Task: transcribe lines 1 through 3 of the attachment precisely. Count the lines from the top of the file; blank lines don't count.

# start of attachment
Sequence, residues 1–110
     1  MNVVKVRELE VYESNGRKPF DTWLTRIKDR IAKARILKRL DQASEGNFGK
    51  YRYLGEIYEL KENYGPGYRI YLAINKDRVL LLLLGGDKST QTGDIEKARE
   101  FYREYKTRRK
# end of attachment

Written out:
Sequence, residues 1–110
     1  MNVVKVRELE VYESNGRKPF DTWLTRIKDR IAKARILKRL DQASEGNFGK
    51  YRYLGEIYEL KENYGPGYRI YLAINKDRVL LLLLGGDKST QTGDIEKARE